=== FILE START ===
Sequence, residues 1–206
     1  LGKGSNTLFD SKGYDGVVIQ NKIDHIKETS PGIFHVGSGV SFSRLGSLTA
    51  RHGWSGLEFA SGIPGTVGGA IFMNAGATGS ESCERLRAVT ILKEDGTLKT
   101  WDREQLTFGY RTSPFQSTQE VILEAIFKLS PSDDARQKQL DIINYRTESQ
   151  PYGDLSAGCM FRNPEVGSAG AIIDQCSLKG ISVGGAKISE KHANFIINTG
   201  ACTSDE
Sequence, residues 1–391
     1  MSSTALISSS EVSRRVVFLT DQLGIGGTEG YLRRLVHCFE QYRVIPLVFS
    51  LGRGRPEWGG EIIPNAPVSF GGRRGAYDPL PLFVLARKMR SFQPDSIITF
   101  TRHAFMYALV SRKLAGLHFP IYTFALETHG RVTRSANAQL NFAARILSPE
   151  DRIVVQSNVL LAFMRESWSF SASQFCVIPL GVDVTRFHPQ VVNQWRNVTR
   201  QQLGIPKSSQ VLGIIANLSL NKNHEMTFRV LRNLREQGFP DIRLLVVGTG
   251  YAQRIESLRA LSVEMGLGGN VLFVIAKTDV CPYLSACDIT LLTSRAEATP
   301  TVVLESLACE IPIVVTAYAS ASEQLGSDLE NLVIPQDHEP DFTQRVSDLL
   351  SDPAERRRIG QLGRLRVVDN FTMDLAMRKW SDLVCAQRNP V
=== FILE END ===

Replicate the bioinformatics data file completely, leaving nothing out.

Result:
Sequence, residues 1–206
     1  LGKGSNTLFD SKGYDGVVIQ NKIDHIKETS PGIFHVGSGV SFSRLGSLTA
    51  RHGWSGLEFA SGIPGTVGGA IFMNAGATGS ESCERLRAVT ILKEDGTLKT
   101  WDREQLTFGY RTSPFQSTQE VILEAIFKLS PSDDARQKQL DIINYRTESQ
   151  PYGDLSAGCM FRNPEVGSAG AIIDQCSLKG ISVGGAKISE KHANFIINTG
   201  ACTSDE
Sequence, residues 1–391
     1  MSSTALISSS EVSRRVVFLT DQLGIGGTEG YLRRLVHCFE QYRVIPLVFS
    51  LGRGRPEWGG EIIPNAPVSF GGRRGAYDPL PLFVLARKMR SFQPDSIITF
   101  TRHAFMYALV SRKLAGLHFP IYTFALETHG RVTRSANAQL NFAARILSPE
   151  DRIVVQSNVL LAFMRESWSF SASQFCVIPL GVDVTRFHPQ VVNQWRNVTR
   201  QQLGIPKSSQ VLGIIANLSL NKNHEMTFRV LRNLREQGFP DIRLLVVGTG
   251  YAQRIESLRA LSVEMGLGGN VLFVIAKTDV CPYLSACDIT LLTSRAEATP
   301  TVVLESLACE IPIVVTAYAS ASEQLGSDLE NLVIPQDHEP DFTQRVSDLL
   351  SDPAERRRIG QLGRLRVVDN FTMDLAMRKW SDLVCAQRNP V